BAE Systems blockade by union members and workers (Picture: Guy Smallman)

Workers, school pupils and university students were gearing up for another day of action in solidarity with Palestine this week.

Action for Palestine in workplaces across Britain, that could hit the source of profits, would hugely increase the pressure on Rishi Sunak to break from support for Israel.

Trade unionists, university and school students and campaigners were set to take part in activity called by Stop The War and the Campaign for Nuclear Disarmament on Thursday this week.

Stop The War called on “all those in work, college or university to Stand With Gaza by organising a walkout, lunchtime or early morning protest or other collective action” to support a permanent ceasefire.

Pickets were also planned outside some arms factories. Palestinian trade unions have called for workers to refuse to make armaments for Israel. 

At least 79 firms in Britain are part of the supply chain for the F-35 aircraft that are bombing Gaza. The rear fuselage of every F-35 fighter is made by the British firm BAE Systems at Samlesbury Aerodrome in Lancashire.

A day of action last week saw grassroots activists organise rallies and other action at over 60 workplaces. And students at dozens of universities launched walkouts.

But this isn’t remotely enough. Every workplace and student act of solidarity is valuable.

 It helps spread the message of resistance against the support for Israel from Sunak and Keir Starmer. Socialist Worker encourages all its readers to push for the highest level of action possible in workplaces, beginning with an argument about stoppages.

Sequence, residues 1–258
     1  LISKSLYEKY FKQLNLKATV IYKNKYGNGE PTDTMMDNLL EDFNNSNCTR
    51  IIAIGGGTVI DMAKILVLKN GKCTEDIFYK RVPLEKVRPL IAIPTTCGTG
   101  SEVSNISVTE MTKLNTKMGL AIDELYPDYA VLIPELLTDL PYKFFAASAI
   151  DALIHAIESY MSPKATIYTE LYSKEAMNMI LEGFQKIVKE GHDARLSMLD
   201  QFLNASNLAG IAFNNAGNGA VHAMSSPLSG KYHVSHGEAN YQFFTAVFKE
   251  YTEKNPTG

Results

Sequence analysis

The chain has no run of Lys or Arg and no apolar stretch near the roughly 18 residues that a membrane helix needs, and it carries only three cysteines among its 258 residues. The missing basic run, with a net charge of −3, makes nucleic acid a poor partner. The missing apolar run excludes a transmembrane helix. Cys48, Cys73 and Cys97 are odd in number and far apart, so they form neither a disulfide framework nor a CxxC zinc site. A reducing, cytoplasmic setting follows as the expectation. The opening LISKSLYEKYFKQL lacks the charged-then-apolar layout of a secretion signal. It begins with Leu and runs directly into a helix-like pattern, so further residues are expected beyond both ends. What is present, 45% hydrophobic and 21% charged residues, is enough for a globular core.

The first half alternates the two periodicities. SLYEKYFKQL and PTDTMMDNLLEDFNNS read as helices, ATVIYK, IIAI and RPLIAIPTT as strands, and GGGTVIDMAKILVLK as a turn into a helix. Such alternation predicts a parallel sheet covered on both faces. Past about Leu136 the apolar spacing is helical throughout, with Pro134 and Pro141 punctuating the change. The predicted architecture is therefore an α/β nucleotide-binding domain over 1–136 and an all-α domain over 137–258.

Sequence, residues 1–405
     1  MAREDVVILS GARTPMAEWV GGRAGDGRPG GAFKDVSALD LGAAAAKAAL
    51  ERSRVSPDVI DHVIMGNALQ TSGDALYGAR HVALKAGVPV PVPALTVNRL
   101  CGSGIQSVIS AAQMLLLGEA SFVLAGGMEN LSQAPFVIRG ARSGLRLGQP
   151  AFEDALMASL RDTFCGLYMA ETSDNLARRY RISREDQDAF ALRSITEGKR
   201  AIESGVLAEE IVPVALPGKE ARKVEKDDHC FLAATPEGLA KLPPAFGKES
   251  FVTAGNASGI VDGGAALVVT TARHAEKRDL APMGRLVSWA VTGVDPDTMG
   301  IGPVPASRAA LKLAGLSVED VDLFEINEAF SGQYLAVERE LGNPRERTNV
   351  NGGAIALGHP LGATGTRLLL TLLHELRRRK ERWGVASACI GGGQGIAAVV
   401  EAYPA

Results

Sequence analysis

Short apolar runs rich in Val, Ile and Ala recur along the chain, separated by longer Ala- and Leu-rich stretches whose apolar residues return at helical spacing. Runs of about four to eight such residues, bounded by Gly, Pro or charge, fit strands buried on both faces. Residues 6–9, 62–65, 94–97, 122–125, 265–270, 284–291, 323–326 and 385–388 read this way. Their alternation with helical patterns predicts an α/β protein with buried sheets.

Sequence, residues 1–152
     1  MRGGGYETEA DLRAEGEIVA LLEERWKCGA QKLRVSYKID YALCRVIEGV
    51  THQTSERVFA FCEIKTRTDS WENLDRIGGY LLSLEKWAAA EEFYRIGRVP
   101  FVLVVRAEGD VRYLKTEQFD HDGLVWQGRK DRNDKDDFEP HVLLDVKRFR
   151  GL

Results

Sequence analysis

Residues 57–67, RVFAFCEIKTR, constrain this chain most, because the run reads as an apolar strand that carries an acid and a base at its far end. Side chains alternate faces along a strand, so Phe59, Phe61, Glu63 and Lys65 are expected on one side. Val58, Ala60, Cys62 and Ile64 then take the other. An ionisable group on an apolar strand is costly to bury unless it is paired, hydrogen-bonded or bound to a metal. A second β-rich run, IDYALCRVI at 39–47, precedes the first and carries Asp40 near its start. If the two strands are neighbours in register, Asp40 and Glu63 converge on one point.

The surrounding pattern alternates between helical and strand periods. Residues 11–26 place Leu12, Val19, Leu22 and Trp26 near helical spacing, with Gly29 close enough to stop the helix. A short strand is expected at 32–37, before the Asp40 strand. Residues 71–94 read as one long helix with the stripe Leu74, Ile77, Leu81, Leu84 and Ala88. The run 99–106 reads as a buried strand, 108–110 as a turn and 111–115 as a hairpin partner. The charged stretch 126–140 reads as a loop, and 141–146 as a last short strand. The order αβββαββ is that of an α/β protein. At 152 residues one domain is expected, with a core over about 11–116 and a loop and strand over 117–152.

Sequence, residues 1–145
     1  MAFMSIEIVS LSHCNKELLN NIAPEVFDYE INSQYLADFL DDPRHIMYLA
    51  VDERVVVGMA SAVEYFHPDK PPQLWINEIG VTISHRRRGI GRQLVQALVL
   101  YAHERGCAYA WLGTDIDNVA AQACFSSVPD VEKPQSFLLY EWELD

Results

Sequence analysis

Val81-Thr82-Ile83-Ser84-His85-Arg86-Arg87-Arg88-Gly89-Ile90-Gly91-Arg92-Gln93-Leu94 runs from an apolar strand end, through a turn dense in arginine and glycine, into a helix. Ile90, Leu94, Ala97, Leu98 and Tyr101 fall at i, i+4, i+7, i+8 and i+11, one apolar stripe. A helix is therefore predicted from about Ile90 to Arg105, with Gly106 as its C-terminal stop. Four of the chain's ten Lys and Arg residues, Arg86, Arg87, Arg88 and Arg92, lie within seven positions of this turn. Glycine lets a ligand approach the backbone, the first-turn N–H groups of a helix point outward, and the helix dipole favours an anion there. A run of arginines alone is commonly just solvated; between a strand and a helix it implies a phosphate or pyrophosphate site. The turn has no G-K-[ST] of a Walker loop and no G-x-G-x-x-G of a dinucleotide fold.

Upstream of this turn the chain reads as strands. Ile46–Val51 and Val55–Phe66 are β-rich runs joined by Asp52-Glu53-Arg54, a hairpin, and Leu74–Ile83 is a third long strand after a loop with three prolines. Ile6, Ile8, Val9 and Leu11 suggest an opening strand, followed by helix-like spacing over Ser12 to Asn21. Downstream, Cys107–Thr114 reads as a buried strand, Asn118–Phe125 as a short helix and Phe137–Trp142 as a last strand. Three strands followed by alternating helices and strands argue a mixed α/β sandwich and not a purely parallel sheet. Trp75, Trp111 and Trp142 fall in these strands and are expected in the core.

Holding a lunchtime rally is good. Walking out to join a rally and not returning to work, even for 15 minutes, is a big step in the right direction. 

That would be much easier if union leaders encouraged it. But they have utterly failed to call the sort of action that’s needed.

The trade unions are miles behind the mood of the huge numbers who have joined the pro-Palestine marches. 

Look at trade union websites and you would hardly know that mass murder and ethnic cleansing was taking place in full view in Gaza and the West Bank.

Most unions made a statement soon after 7 October condemning Hamas, but asking the Israelis not to be too harsh in response.  

Some have subsequently called for a ceasefire. But even those calls have not built the mass demonstrations, let alone called for action in workplaces.

And union leaders might have been okay to speak at Palestine demonstrations but have opposed opposition to arms sales in the name of “protecting jobs”.

All the trade union leaders were set to meet on Saturday to discuss the critical issue of the new anti-union laws. 

But they also have a responsibility to talk about the slaughter in Palestine and to call immediate protests and strikes. That would be the best way to confront present and future anti-strike laws.

Scrap anti-union laws

The TUC union federation special conference on Saturday is certain to agree strong opposition to the new Tory anti-union law.

The law will demand that workers scab on their own strikes with Minimum Service Levels enforced in key sectors. It’s pro-boss legislation designed to take away the right to strike effectively from five million workers.

The law could start taking effect in the ambulance service, rail and border workers this month. Regulations for the fire and rescue service, education and nuclear decommissioning will follow. 

Union leaders have made passionate speeches about the anti-union laws. But words need to be turned into action. That means unions calling strikes and then refusing to tell their members to defy the new law.

That could trigger fines and threats to union funds. This is where general secretaries fear to tread. Pressure from below will be needed to turn the slogans of Saturday into reality.

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